ing path to the pavilion.
The pavilion is up to code
and usable.
Senator Toomey ad-
dressed the federal require-
ment for signage in munic-
ipalities at a Scranton city
hall meeting; township
Manager Bill White attend-
ed for Waverly Township.
The federal requirement
for a street sign is a green
background, white letter-
ing, and six inch high let-
ters; the reasoning that
they can be seen better as
opposed to the small street
signs that are used now.
The Department of
Transportation reports that
more accidents are caused
from the small street signs
Toomey discusses signage
BY BRITTNEY PIERCE
Abington Journal Correspondent
O
ne in a series of four vintage postcards,
shown above, features the second in-
stallment of a poem
Two funny feet towards you trot,
Dear Friend, oh please, forget me not.
The cards, postmarked 1906 are part of
Huld’s Puzzle Series No. 2-a by Franz
Huld, Publisher, New York. They are
shared by Clarks Summit author and col-
lector Jack Hiddlestone.
BODY OF WORK
POSTCARD COURTESY JACK HIDDLESTONE
Chair of the Board of Directors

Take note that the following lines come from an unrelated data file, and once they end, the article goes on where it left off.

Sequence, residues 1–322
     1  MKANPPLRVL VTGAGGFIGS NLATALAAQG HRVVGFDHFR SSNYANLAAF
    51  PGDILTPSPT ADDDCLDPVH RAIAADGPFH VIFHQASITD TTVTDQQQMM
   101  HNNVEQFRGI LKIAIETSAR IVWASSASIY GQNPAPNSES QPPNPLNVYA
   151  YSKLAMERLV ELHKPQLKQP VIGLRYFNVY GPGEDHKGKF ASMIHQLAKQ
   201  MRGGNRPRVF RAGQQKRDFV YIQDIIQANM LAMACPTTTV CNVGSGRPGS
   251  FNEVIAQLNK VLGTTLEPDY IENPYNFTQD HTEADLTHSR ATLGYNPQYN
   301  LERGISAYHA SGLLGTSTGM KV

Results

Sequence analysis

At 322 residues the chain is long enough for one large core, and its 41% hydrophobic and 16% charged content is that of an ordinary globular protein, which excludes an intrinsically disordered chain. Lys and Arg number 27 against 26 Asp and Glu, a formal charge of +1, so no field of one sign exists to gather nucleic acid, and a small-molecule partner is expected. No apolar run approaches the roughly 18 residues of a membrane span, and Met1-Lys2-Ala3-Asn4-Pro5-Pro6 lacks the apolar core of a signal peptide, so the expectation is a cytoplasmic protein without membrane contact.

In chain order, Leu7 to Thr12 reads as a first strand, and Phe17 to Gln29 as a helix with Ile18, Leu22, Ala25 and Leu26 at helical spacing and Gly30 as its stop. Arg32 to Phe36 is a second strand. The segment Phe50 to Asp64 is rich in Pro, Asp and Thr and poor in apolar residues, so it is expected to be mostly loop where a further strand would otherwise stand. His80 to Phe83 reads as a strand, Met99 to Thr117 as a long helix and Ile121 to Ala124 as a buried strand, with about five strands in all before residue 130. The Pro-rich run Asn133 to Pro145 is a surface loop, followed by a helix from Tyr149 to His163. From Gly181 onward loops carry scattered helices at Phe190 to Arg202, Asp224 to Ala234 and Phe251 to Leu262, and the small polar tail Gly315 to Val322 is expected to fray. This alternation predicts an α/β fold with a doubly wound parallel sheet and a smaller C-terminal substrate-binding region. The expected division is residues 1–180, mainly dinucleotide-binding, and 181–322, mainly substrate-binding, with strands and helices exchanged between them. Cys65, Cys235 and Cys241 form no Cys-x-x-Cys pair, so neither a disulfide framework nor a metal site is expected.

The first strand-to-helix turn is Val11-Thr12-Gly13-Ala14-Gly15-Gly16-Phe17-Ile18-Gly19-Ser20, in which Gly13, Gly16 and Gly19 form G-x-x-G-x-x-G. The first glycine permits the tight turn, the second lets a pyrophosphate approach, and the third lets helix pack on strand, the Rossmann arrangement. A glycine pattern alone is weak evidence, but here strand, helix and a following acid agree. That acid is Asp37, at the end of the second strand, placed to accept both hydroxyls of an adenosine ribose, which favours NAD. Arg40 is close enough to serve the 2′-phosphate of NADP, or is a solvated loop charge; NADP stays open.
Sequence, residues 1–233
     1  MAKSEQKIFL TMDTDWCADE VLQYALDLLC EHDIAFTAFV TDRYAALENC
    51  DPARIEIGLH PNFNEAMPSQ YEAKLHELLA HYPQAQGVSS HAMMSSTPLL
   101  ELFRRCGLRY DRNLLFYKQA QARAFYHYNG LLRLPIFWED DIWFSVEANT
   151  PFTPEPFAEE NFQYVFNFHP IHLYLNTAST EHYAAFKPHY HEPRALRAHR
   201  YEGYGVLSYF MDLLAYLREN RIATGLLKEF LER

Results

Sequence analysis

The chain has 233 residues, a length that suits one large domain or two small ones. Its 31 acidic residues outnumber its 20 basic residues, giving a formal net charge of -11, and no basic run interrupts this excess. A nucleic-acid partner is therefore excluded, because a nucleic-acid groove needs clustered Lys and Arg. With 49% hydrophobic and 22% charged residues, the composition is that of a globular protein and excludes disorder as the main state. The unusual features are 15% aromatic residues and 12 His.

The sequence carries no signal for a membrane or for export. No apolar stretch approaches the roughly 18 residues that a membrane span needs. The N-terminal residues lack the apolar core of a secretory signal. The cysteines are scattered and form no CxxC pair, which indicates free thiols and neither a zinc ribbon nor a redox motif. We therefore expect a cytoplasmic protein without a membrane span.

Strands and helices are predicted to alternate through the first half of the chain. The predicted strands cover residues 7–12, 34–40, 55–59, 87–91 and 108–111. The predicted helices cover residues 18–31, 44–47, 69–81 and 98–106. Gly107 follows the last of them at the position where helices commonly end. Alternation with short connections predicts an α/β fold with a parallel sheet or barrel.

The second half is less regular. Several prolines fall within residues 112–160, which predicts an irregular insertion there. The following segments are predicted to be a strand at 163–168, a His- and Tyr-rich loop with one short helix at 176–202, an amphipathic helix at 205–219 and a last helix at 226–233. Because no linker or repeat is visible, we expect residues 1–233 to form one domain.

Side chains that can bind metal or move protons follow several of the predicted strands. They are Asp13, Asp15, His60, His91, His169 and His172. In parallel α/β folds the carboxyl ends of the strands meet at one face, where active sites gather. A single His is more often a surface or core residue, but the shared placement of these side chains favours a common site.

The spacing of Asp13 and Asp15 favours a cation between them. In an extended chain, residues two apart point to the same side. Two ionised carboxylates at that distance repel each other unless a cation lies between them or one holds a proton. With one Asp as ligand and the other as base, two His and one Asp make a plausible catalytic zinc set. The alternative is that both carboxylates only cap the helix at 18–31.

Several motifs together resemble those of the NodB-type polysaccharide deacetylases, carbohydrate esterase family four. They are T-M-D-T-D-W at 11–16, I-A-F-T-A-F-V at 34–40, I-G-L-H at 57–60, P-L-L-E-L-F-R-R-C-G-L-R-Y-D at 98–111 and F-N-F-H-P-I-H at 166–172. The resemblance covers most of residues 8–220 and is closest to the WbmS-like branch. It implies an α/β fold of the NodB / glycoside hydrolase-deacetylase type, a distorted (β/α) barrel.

Nancy Baskwell (right) and CEO
Jeff DeBree (left) present the
2011 Penn East FCU Scholar-
ships to Maria Genello of West
Scranton High School and Jef-
frey Horvath of Elk Lake High
School.
Each received a $2,500 schol-
arship for their winning essays,
academic excellence, citizen-
ship, community and school
involvement.
Penn East Federal Credit
Union is a community chartered
credit union offering member-
ship to anyone that lives or
works in Lackawanna, Luzerne
or Wyoming Counties.
Penn East FCU announces scholarship recipients
Cocktails on the Court
was hosted Aug. 18 with
proceeds benefit the tennis
courts at the Waverly
Community House. This
year, due to playground
renovations, the event was
hosted at State Street
Grill, Clarks Summit,
rather than at the Commu-
nity House. For more in-
formation, visit www.wa-
verlycomm.org or call
586-8191, extension 2.
Bartenders from the State Street Grill, Steve Nicolosi and Sarah
Russoniello, work in support of Cocktails on the Court to raise
money for the Waverly Community House playground project.
Each table featured informa-
tion about the Playground
Project.
Waverly friends came together to support the evening at the State Street Grill Aug. 18. Shown,
front row, from left: Marcy Curra, Tom Curra and John Gurganus. Second row: Caroleena Cole,
Colby Clark, Jay Carter, Elizabeth Carter, Maria Wilson, Joe Peters, Jim Wilson.
Annual event
at new venue
ABINGTON JOURNAL/ALEX SEELEY
Above: Caroleena Cole,
Marcy Curra, Beth Kelly and
Val Calpin, from left, attend
the event.
At right: Danielle Vinskofski,
Lisa Wahl, and Joann Cum-
mings.
Far right: Steve Nicolosi